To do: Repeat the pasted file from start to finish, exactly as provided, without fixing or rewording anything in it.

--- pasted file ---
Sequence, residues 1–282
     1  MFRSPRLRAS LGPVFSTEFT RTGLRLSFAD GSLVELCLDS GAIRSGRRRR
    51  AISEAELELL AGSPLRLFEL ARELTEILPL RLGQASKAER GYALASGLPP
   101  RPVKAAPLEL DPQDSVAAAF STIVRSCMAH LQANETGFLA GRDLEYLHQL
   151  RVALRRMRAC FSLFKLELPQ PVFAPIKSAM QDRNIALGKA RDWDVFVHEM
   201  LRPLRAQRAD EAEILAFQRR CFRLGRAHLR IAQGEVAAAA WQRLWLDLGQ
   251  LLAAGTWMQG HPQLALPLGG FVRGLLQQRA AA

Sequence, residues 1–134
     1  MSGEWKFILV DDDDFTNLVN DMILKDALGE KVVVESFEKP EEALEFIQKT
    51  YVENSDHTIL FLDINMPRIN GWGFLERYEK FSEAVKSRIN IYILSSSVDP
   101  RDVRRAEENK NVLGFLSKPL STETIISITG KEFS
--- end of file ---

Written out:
Sequence, residues 1–282
     1  MFRSPRLRAS LGPVFSTEFT RTGLRLSFAD GSLVELCLDS GAIRSGRRRR
    51  AISEAELELL AGSPLRLFEL ARELTEILPL RLGQASKAER GYALASGLPP
   101  RPVKAAPLEL DPQDSVAAAF STIVRSCMAH LQANETGFLA GRDLEYLHQL
   151  RVALRRMRAC FSLFKLELPQ PVFAPIKSAM QDRNIALGKA RDWDVFVHEM
   201  LRPLRAQRAD EAEILAFQRR CFRLGRAHLR IAQGEVAAAA WQRLWLDLGQ
   251  LLAAGTWMQG HPQLALPLGG FVRGLLQQRA AA

Sequence, residues 1–134
     1  MSGEWKFILV DDDDFTNLVN DMILKDALGE KVVVESFEKP EEALEFIQKT
    51  YVENSDHTIL FLDINMPRIN GWGFLERYEK FSEAVKSRIN IYILSSSVDP
   101  RDVRRAEENK NVLGFLSKPL STETIISITG KEFS